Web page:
Connect with us

Business

Suez Canal logjam could stretch on for weeks, slam world economy

Published

on


The growing traffic snarl in the Suez Canal could take weeks to untangle — and is threatening to wreak havoc on the world economy in the process.

The giant cargo ship that’s wedged across the canal is blocking an estimated $9.5 billion worth of shipments daily. The crisis — now in its third day — could stretch on for weeks, taking a devastating toll on global commerce as it traps shipments of everything from oil to electronics.

At least 150 ships are now stuck behind the Ever Given, a 200,000-ton cargo vessel that ran aground in the narrow channel on Tuesday. International crude prices surged 6 percent the following day — a move some analysts blamed on worries about oil shipments coming out of the Suez.

Meanwhile, logistics experts said the blockage would likely spur delays and added costs as deliveries of crucial goods between Europe and Asia, as deliveries of heavy equipment, clothing and even crucial medical supplies continue to get further backed up.

“We can’t exclude it might take weeks, depending on the situation,” said Peter Berdowski, CEO of Boskalis, told media on Thursday. “It’s an enormous weight on the sand. We might have to work with a combination of reducing the weight by removing containers, oil and water from the ship, tug boats and dredging of sand.”

Built over a decade in opened in 1869, the Suez Canal is an artificial waterway in Egypt that connects the Red Sea to the Mediterranean. Nearly 19,000 vessels passed through it last year carrying 1.2 billion tons of cargo, according to the Suez Canal Authority, the Egyptian state institution that operates the channel.

This handout satellite image shows the Taiwan-owned MV 'Ever Given' (Evergreen) container ship, a 400-meter- (1,300-foot-)long and 59-meter wide vessel, lodged sideways and impeding all traffic across the waterway of Egypt's Suez Canal.
This handout satellite image shows the Taiwan-owned MV ‘Ever Given’ (Evergreen) container ship, a 400-meter- (1,300-foot-)long and 59-meter wide vessel, lodged sideways and impeding all traffic across the waterway of Egypt’s Suez Canal.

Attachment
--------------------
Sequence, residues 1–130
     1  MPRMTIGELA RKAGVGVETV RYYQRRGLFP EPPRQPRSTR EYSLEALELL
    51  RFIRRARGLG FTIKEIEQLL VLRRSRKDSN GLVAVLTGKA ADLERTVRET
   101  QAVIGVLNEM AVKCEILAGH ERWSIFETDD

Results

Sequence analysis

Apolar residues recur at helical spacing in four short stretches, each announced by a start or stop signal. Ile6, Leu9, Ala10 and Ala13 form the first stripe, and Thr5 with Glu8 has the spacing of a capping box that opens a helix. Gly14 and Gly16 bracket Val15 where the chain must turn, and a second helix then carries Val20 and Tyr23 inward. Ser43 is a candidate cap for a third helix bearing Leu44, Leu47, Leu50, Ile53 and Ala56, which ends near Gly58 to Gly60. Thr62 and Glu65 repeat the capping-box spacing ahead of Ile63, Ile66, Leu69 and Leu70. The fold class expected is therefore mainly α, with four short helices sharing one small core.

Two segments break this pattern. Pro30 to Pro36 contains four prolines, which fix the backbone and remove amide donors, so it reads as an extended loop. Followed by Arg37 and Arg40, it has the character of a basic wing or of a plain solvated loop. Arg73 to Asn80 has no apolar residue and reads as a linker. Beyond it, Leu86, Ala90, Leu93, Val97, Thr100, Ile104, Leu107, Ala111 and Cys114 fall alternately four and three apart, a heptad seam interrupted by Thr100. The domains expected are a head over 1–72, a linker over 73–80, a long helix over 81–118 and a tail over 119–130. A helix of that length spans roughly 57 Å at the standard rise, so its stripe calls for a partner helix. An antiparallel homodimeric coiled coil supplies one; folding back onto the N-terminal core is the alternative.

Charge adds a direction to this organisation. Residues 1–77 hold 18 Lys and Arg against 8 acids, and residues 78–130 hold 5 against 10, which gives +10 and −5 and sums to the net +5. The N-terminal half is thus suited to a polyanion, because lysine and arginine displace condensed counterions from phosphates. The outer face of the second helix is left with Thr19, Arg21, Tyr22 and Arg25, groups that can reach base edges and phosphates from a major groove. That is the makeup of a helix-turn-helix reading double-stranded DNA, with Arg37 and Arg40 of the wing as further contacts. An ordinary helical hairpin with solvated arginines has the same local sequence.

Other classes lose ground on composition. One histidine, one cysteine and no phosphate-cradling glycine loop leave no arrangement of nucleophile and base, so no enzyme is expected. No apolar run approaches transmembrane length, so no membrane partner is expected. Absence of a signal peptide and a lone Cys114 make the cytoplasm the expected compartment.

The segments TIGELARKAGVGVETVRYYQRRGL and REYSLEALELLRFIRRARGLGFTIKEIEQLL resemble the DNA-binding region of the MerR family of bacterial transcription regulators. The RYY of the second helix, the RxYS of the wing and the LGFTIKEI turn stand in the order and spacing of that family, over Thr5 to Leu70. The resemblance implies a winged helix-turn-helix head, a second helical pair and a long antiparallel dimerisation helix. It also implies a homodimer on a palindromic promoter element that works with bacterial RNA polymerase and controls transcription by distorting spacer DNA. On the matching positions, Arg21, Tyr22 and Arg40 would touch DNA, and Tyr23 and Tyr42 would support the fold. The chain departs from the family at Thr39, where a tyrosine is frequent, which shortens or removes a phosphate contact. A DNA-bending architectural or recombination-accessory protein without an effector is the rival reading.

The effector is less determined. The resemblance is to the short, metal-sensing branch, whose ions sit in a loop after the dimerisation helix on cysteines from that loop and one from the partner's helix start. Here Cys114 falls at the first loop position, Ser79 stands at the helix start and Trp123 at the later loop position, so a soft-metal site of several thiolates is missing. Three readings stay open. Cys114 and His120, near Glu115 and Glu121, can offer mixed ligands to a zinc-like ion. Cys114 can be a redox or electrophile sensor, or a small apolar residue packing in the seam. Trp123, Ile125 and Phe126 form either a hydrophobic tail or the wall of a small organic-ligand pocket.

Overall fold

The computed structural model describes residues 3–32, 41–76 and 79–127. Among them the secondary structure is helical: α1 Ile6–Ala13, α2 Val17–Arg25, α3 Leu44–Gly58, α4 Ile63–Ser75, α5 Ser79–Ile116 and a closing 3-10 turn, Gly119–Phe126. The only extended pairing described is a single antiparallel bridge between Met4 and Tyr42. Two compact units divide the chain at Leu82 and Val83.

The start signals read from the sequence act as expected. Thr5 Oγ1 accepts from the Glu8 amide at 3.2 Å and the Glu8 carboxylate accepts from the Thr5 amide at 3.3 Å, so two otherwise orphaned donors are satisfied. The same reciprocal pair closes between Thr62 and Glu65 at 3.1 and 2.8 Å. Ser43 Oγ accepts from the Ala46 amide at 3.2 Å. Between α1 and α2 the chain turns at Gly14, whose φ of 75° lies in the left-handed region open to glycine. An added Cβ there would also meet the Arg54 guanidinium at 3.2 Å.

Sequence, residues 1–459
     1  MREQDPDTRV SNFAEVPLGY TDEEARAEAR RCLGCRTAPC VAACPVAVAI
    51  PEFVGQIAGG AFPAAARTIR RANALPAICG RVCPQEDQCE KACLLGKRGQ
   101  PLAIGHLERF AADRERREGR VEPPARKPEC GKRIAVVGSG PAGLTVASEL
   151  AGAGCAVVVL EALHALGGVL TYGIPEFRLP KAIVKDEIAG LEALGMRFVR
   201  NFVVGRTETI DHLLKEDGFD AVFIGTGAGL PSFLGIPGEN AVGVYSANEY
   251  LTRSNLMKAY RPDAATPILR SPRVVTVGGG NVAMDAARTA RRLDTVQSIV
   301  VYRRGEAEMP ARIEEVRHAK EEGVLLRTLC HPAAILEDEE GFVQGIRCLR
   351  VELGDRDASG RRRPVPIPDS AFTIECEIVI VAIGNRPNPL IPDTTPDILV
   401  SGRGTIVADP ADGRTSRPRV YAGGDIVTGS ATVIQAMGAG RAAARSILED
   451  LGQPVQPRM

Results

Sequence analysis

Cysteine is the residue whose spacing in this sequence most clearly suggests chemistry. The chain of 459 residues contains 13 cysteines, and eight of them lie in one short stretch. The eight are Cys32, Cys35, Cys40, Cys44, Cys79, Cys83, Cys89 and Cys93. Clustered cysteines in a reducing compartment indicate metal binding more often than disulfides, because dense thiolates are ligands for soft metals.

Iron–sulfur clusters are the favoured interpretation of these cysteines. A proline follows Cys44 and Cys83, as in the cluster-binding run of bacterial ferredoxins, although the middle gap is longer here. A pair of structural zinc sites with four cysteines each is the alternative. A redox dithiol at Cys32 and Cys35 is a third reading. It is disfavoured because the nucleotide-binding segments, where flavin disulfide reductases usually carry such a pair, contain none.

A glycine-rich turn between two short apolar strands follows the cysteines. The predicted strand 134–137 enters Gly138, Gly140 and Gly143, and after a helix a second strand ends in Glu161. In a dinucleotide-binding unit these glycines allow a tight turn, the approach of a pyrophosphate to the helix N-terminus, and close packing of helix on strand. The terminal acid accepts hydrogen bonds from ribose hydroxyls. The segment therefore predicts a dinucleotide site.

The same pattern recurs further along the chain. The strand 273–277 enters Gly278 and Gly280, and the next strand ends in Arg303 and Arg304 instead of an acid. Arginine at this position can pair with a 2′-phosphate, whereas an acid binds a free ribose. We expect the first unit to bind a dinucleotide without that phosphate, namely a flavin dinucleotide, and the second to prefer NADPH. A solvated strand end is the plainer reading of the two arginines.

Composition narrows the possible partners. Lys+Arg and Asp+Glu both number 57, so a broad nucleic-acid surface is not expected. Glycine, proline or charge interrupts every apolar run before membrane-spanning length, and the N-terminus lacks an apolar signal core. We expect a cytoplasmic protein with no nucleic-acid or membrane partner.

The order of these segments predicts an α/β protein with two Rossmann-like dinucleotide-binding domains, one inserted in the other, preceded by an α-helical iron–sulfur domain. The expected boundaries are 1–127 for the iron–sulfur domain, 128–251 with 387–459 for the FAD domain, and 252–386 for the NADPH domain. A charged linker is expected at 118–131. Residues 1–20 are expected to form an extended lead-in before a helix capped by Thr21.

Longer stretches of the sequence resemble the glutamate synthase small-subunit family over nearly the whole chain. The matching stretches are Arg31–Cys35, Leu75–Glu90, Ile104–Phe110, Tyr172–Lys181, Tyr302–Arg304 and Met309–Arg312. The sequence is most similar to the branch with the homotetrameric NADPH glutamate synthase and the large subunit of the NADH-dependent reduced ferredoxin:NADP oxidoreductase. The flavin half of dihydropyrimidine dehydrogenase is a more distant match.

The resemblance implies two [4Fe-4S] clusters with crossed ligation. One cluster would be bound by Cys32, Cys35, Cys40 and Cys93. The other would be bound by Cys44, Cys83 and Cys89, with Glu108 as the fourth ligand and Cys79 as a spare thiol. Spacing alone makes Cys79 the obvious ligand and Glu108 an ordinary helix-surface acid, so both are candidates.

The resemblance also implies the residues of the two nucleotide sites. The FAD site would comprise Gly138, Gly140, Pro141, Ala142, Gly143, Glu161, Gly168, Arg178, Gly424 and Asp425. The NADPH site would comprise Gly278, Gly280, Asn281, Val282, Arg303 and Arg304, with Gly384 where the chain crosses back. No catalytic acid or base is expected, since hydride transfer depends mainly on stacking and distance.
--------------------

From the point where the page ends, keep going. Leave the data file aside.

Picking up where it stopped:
CNES/AFP via Getty Images

The Ever Given — a 440 million-pound cargo ship that’s as long as the Empire State Building is tall — was en route from Rotterdam to China when it ran aground Tuesday after high winds turned it sideways, according to shipping data.

The bow of the ship is still lodged deep into one side of the canal, and dredging will be required, the Wall Street Journal reported on Thursday. Workers also will need to take off fuel, ballast water and possibly some of the ship’s cargo. That could require the help of helicopters Officials are hoping a higher-than-normal tide expected over the weekend could help lift the ship free.

The stranded vessel is blocking a route that carries about 13 percent of the world’s trade. On Thursday, the ship’s owner apologized for the mess.

“We are determined to keep on working hard to resolve this situation as soon as possible,” Shoei Kisen Kaisha said in a statement Thursday. “We would like to apologize to all parties affected by this incident, including the ships traveling and planning to travel through Suez Canal.”

The 400-meter, 224,000-ton Ever Given container ship, leased by Taiwan's Evergreen Marine Corp, blocks Egypt's Suez Canal in a BlackSky satellite image.
The 400-meter, 224,000-ton Ever Given container ship, leased by Taiwan’s Evergreen Marine Corp, blocks Egypt’s Suez Canal in a BlackSky satellite image.
via REUTERS

If the logjam can’t be undone, experts say cargo companies will be forced to reroute their shipments around the Cape of Good Hope at the bottom of Africa — a detour that typically adds 14 days and 5,000 nautical miles to the commute.

That could send prices for vital goods including cars, lumber and even critical medical supplies soaring in the coming weeks and months, officials said.



Source link

Continue Reading

Business

Dogecoin hits new high boosted by DogeDay hashtags

Published

on

By


Dogecoin prices hit an all-time high on Tuesday, with a market capitalization above $50 billion, after social media fans used hashtags to fuel a rally in the meme-based cryptocurrency.

An 8,000 percent price surge this year has seen Dogecoin, which was launched as a satirical critique of 2013′s cryptocurrency frenzy, overtake more widely-used cryptocurrencies like Tether to become the fifth-largest coin.

While Dogecoin, whose logo features a Shiba Inu dog at the center of the meme, a represents only a fraction of bitcoin’s $1 trillion value, it can be traded on crypto exchanges and more popular mainstream trading apps.

“The Doge rally represents an interesting convergence,” said Diana Biggs, CEO of crypto start-up Valour, after Dogecoin’s price soared by more than five-fold in the last week to a record 42 cents, according to CoinMarketCap.

“A meme coin created as a joke for early crypto adopters whose community found that kind of thing to be fun, with now a new generation of retail investors for whom memes are a native language,” Biggs added.

Dogecoin fans used the hashtags #DogeDay and #DogeDay420 to post memes, messages and videos on Twitter, Reddit and TikTok, referring to the informal April 20 holiday to celebrate cannabis which is marked by smoke-ins and street parties.